ISSUE 10
February 2000

Philip Dacey

 

Philip Dacey Philip Dacey 's sixth and seventh books were published in April, The Deathbed Playboy (Eastern Washington University Press) and The Paramour of the Moving Air (Quarterly Review of Literature). He's currently completing a book-length sequence of poems about Thomas Eakins. 

Car Love    Click to hear in real audio


Is this knob organic or not?
  You're shifty. I'm quick to brake
for love, for room to maneuver.
  The history of the car in America,
the history of America in the car. The smaller
  the car the faster the windows steam.
Imagine a policeman's beam, two
  transfixed moths and a candleflame.
The advantage of knees bending
  like a chicken's. The tight squeeze
of heavy traffic. Only one person
  can steer at a time. Passion
amplified by speakers in stereo.
  We're on the road, somewhere between
here and there, believers in process, change,
  not the square solidity of beds,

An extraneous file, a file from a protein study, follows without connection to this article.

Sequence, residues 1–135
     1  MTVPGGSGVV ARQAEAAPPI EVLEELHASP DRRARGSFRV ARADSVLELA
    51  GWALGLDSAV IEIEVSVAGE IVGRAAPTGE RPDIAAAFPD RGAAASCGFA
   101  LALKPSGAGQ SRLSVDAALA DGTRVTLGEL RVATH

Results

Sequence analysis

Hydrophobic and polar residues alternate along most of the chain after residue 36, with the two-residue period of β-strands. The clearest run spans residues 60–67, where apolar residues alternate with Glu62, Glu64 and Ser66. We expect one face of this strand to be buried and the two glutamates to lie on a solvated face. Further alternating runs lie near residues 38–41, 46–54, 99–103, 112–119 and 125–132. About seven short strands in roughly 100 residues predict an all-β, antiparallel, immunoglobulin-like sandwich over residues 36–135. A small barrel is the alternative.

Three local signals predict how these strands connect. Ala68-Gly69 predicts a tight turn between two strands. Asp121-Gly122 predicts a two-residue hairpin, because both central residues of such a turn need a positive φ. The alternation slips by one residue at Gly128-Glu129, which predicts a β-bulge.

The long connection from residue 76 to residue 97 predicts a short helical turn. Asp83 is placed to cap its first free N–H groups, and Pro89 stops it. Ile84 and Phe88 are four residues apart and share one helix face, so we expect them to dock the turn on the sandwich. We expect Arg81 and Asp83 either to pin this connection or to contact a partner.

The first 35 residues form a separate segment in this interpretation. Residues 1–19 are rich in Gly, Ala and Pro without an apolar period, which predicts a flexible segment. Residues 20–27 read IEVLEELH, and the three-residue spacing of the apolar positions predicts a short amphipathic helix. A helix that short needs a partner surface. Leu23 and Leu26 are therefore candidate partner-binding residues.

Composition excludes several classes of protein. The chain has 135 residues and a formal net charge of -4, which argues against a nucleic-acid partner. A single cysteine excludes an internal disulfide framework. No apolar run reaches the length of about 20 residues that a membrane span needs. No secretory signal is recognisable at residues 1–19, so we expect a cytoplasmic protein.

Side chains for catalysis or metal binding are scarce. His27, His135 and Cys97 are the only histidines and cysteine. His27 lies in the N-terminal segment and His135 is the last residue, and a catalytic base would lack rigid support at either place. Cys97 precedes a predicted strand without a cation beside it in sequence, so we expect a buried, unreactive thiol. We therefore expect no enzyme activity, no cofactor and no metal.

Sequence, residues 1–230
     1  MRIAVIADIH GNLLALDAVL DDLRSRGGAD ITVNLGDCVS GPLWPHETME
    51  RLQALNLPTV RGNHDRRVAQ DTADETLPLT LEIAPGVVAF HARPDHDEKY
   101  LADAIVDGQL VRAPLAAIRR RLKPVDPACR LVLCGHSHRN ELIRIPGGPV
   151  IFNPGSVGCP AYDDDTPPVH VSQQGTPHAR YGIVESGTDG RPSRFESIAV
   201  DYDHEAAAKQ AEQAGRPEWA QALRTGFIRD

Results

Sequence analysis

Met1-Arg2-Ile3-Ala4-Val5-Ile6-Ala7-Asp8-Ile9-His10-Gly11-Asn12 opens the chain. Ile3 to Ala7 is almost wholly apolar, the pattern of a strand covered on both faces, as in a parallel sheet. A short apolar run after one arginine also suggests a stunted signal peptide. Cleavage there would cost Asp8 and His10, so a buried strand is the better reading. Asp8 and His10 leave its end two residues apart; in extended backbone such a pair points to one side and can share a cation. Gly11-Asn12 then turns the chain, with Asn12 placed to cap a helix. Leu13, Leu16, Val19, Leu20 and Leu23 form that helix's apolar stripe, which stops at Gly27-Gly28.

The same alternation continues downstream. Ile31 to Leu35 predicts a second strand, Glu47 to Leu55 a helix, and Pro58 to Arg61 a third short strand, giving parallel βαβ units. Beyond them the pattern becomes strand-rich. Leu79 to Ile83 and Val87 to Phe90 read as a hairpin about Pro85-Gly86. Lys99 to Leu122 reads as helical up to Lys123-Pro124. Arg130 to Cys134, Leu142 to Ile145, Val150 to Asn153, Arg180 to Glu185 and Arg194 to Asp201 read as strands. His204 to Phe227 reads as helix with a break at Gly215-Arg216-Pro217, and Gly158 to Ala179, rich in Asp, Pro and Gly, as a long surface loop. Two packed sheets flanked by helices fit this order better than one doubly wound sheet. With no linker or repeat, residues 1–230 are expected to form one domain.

that illusion for squares, but arrival
  where the light is always green.
What's coming up fast from behind?
  Deer crossing. Steep grade.
The memory of upholstery, personal weave,
  some checkered pattern on skin
a temporary love tattoo or
  industrial product mythologized
comfortably into a moral universe.
  Through the windshield, that transparent
forehead, a mad scientist could study
  the sparking brain of the monster.
Above us, the little eye of a god, switched off.
  So where's your operator's license?
No certification, though my daddy
  lifted his hands for seconds from the wheel,
me in his lap, and I thought I was driving.
  We've been dreamed into existence
by this sleeping car. Isn't the gauge
  on empty yet? More air, more air, the price
this summer night a whining audience
  who love blood. If you stretch back
far enough you can see the cooler voyeur stars.
  To be each other's lit dashboard
in a Great Plains dark surround,
  let's shift into this moment
forever, what people do
  to get a ride. Even our ghosts
will have their thumbs out.

 

 

Laudate    Click to hear in real audio


When she flicked
honey dust
all over
my crotch
with a brush
made of feathers,
I felt like
the Virgin Mary
at the conception
of Jesus,
the Holy Ghost
a flutter of wings
between her legs.

 

 

 

Philip Dacey: Poetry
Copyright 2000 The Cortland Review Issue 10The Cortland Review